[5]
.

Store
phase
:

B
ecause
CSP
s are third
-
parties, the
complete security of CSP systems is unknown, so data
must be protected from
unauthorized access,
tampering by network intruders, and leakage
[10]
. Due
to
the multi
-
tenant nature of cloud computing,

co
ntrols
must be put in place to compensate for the additional
security risks inherent to the commingling of data
.

In order to prevent legal issues based on the physical
location of data,
the CSA

suggests that th
e cloud
consumer stipulate its ability to know the geographical
location of its data in the
SLA

and ensure that
the
SLA
include a clause requiring advance notification of
situations in which storage may be seized or data may
be subpoenaed

[5
].

Use
and Share
phase:

During the use phase, which
includes transmission between
CSP

and consumer and
data processing, the confidentiality of sensitive data
must be protected from
mixing with
network traffic
wit
h other cloud consumers. If the data is shared
betw
een multiple users or organizations, the
CSP

must
ensure data integrity and consistency. The
CSP

must
also protect all of its cloud service consumers from
malicious activities from its other consumers
[10]
.

Archive
phase
:

As with the storage phase, data m
ust
be protected against unauthorized access by intruders,
and from malicious co
-
tenants of the cloud
infrastructure
. In addition, data backup and recovery
schemes must be
in place to prevent data loss or
premature destruction
[5]
.

For

data

in a live production database,
the CSA

suggests using at
-
rest encryption


having the
CSP

encrypt the data before
storage
[5]
. For data that will
be
archived
,
it

recommends that the cloud consumer
perform the encryption locally before sending the data
to
the
CSP

to decrease

the ability of a malicious CSP
or co
-
tenant from accessing archived data

[5]
.

Destroy phase
:

Data persistence
is
the biggest
challenges present in the destroy phase. For data to be
completely destroyed, it must be erased, rendered
unrec
overable, and as appropriate, physically
discarded

[5]
.

The CSA

suggests a plethora of techniques to be used
by
CSP
s to ensure that data is completely destroyed
,
including

disk wiping
,

physical data destruction
techniques, such as degaussing
, an
d

crypto
-
shredding

[5]
.

Identity/credentials (management)

Within cloud computing, identity and credential
management entails provisioning, deprovisioning, and
management of identity objects and the ability to define an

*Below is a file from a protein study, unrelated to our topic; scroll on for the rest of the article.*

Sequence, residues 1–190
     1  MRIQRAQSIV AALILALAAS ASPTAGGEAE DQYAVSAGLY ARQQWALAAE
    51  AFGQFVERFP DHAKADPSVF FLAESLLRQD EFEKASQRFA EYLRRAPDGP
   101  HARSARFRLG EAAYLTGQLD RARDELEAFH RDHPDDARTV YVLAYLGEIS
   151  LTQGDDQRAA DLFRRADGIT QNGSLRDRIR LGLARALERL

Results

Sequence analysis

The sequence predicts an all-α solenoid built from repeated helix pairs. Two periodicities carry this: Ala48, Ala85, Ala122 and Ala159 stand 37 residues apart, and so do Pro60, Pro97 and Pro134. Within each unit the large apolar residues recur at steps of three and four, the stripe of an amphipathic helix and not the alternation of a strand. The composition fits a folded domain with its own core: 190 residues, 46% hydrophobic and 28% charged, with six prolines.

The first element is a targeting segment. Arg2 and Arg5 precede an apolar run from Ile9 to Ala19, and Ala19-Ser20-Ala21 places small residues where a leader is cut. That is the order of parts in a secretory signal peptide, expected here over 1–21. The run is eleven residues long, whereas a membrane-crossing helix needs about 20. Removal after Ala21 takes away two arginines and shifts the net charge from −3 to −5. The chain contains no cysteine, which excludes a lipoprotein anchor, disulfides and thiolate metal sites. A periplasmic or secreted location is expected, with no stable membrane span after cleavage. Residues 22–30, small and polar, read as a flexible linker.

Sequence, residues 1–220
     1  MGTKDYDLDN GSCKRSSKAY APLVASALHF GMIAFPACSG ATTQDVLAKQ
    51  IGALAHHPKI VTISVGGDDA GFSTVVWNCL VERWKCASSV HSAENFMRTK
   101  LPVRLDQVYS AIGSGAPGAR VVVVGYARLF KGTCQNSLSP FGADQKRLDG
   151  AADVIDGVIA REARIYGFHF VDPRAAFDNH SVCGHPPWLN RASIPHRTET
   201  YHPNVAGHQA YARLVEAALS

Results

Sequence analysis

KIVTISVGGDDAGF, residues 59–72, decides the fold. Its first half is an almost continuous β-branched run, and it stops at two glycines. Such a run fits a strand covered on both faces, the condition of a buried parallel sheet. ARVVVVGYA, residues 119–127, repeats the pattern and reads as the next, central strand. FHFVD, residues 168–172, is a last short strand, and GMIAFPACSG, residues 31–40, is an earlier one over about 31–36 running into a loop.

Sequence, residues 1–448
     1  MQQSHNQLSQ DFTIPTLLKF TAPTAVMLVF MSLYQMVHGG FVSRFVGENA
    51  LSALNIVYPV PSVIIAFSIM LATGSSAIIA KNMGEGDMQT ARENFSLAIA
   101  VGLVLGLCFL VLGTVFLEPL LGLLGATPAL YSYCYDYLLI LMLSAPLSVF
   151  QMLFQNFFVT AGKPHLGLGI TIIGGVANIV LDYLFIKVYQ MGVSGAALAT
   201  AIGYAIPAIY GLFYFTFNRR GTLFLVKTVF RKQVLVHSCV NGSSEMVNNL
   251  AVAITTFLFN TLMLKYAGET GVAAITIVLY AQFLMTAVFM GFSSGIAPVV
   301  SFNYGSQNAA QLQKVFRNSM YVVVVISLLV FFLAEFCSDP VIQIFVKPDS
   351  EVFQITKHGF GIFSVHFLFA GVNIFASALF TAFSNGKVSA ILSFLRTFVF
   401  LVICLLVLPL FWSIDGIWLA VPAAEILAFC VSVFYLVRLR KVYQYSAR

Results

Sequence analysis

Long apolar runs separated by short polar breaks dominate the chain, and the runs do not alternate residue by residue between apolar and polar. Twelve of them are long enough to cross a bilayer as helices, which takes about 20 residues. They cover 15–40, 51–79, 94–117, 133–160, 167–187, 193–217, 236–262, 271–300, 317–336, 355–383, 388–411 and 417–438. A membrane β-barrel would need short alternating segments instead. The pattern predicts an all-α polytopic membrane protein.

identity provider that accepts a user’s

credentials (a user ID
and password, a certificate, etc.) and returns a signed
security token that identifies that user. Service providers
that trust the identity provider can use that token to grant
appropriate access to the user, even though the service

provider has no knowledge of the user
[7]
.

An organization may use multiple cloud services from
multiple cloud providers.
Identity must be managed at all
of these services, which may use different identity objects
and identity management systems
.

In addi
tion,
provisioning and deprovisioning of identities
for an organization’s IT system is
traditionally
done
manually and infrequently. With cloud computing, access
to services changes more rapidly than it would in a
traditional IT application, so provisionin
g and
deprovisioning of identities must be dynamic.

Federated identity management allows an organization
to
rapidly
manage access to multiple cloud services from a
single repository. An organization can maintain a mapping
of master identity objects to iden
tities used by multiple
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applications within the organization’s IT system. Cloud
customers should modify or extend these repositories of
identity data so that they encompass applicat
ions and
processes in the cloud

[5]
.

Currently, CSPs provide custom
connectors for
communication of identity and access control objects.

The
capabilities currently provided by
CSP
s are inadequate for
enterprise consumers. Custom connectors unique to cloud
providers increase management complexity, and are not
flexible, d
yna
mic, scalable, or extensible

[5]
.

Researchers at IBM Research


China
[11]

sug
gest

using
a brokered trust model, where a third
-
party broker server is
used to establish the trust with a cloud service user. The
business agreement between the
CSP

and the iden
tity
broker allows the CSP to place trust in the broker, allowing
it to act as an agent for the CSP to establish trust with other
parties, such as organizations using cloud services
[11]
.
The organizations can then take advantage of their own
identity fede
ration services to relay credential information
for authentication with the cloud service.

Such an approach reduces the CSP’s cost of establishing
multiple trust relationships with multiple service users.
It
a
lso pushes complexity to the trust broker, whic
h can
support more forms of federated identities.

From the
consumer’s perspective, if multiple CSPs utilize same trust
broker, establishing trust with multiple different types of
services can be done by establishing trust with single trust
broker.

Solution

integrity

Within the realm of cloud computing, solution integrity